Most of the Dedabodzi pillars found in Georgia (Caucasus) are rectangular in section and trapezoidal in elevation, wider to the top. In some cases, probably in early examples, both capitals and the pillars are carved out of one log. From constructability point of view, or manpower, it would be much easier to make and install a round or squared off log, rather than carving a trapezoidal shape. The latter requires a bigger/wider log and more workload, especially if both, capitals and pillars are carved out from one solid log.
The same logic applies to ancient stone T-pillars. Pillars from Gobekli Tepe are 3-6 meter tall and weight 10-30 tons. Cutting the pillar and its capital from one solid mass would be heavy job, rather than making cylindrical or square parts and assembling on place.
Sides of both wooden and stone pillars are much thinner, than the face part. Most of both wooden and stone pillars are covered with cosmogonic, sacral symbols/shapes. It might be worth mentioning, that symbols and forms are similar on pillars found from Caucasus to Pamir5. T (tau) symbol comes from ancient times and is used with similar meanings in different times, cultures and people6. Since from constructability stand-point T-shape rectangular-trapezia pillars are not pragmatic, we believe that their use should be connected with ancient sacral traditions. The symbolic ornaments and trapezoidal geometry of these pillars gives us a reason to think that the present-day wooden pillars have a link with ancient stone analogues.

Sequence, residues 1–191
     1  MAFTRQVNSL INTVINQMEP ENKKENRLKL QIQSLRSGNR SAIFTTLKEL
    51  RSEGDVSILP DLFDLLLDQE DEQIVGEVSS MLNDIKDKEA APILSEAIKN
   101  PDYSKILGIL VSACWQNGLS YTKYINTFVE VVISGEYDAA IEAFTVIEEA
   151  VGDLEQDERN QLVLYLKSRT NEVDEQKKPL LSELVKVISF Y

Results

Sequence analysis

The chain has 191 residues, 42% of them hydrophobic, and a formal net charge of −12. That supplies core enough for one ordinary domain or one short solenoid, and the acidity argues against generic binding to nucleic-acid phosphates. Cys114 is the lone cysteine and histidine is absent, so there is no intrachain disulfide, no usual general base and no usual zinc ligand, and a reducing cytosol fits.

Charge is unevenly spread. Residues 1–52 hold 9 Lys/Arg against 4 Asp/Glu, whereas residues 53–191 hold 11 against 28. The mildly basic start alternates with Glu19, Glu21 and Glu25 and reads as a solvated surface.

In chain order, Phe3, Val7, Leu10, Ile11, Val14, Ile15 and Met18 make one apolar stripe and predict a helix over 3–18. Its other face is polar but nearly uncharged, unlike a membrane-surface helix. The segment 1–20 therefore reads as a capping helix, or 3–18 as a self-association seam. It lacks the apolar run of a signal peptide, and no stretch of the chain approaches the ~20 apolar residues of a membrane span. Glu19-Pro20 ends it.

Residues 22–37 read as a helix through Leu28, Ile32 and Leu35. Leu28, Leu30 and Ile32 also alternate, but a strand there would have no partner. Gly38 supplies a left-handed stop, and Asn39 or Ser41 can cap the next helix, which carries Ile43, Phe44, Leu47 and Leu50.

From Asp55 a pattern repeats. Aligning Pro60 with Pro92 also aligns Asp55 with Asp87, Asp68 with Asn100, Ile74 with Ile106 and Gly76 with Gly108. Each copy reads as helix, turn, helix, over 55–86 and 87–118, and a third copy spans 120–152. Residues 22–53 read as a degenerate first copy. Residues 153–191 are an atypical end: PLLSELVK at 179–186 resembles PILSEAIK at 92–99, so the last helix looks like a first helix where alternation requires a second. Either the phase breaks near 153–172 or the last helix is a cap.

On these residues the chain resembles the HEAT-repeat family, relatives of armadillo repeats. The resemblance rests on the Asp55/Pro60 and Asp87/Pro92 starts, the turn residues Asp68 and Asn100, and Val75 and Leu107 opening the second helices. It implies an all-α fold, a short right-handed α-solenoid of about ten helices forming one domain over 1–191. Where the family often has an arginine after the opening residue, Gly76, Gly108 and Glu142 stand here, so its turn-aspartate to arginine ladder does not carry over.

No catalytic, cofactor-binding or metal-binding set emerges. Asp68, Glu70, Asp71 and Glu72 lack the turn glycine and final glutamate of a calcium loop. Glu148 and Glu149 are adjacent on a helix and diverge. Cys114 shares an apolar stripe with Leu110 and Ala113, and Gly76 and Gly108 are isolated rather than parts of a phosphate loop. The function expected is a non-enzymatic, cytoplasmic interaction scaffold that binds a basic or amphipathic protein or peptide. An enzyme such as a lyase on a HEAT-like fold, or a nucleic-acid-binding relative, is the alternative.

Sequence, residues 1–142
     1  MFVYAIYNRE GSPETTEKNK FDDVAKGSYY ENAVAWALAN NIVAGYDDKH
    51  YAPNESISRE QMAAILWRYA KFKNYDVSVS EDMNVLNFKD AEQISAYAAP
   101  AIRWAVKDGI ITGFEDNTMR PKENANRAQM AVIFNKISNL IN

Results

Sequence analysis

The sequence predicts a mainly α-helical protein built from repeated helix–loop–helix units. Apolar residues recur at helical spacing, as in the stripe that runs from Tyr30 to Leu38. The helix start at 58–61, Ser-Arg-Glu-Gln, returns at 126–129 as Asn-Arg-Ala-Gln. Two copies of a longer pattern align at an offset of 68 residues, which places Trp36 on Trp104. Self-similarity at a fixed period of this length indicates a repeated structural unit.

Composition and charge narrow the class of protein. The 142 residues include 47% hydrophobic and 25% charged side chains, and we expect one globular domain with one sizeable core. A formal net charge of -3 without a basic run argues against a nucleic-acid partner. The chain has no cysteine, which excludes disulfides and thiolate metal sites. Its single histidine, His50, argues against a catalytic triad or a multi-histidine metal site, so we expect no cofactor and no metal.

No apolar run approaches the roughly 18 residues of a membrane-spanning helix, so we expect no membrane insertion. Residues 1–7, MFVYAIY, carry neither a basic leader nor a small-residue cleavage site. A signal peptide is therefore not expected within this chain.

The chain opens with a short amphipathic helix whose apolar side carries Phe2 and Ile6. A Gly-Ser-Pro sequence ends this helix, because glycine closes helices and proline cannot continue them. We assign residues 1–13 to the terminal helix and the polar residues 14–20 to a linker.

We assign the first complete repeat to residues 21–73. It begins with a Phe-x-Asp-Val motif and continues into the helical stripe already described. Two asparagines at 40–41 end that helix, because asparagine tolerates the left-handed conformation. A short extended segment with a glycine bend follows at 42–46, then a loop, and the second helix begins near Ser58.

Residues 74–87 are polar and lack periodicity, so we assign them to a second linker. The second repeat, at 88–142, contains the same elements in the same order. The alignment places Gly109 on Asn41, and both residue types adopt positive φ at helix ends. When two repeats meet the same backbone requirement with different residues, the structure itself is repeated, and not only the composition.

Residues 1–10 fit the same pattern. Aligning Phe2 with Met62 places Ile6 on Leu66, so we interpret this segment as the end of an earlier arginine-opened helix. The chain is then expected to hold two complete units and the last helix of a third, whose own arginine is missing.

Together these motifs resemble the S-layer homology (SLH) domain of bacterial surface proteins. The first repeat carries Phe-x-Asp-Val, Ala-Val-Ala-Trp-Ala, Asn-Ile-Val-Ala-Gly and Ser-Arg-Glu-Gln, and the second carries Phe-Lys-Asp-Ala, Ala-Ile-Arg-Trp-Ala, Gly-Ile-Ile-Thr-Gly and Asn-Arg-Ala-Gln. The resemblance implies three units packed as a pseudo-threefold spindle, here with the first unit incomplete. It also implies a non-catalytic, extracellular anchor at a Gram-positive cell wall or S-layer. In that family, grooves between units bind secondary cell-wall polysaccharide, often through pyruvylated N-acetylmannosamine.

A non-pragmatic resolution of a structure appears also in Georgian double-pillar (Dedabodzi) crowned halls (Darbazi) where unusual (?) decisions are made: 1. The crown is built by using large quantity of wooden beams. A similar result could be achieved by connecting sloped wooden logs and arranging the roofing on it, what would require less labour and materials; 2. The crown is supported in the middle of the beam between the capital and the wall, which increases the section of the beam to burry the weight of the crown. It would be easier to arrange the crown on 4 pillars (there are plenty of such examples) or between the pillar and side walls. This fact also gives us the reason to think that this kind of crown construction had an untouchable, traditional sacral meaning.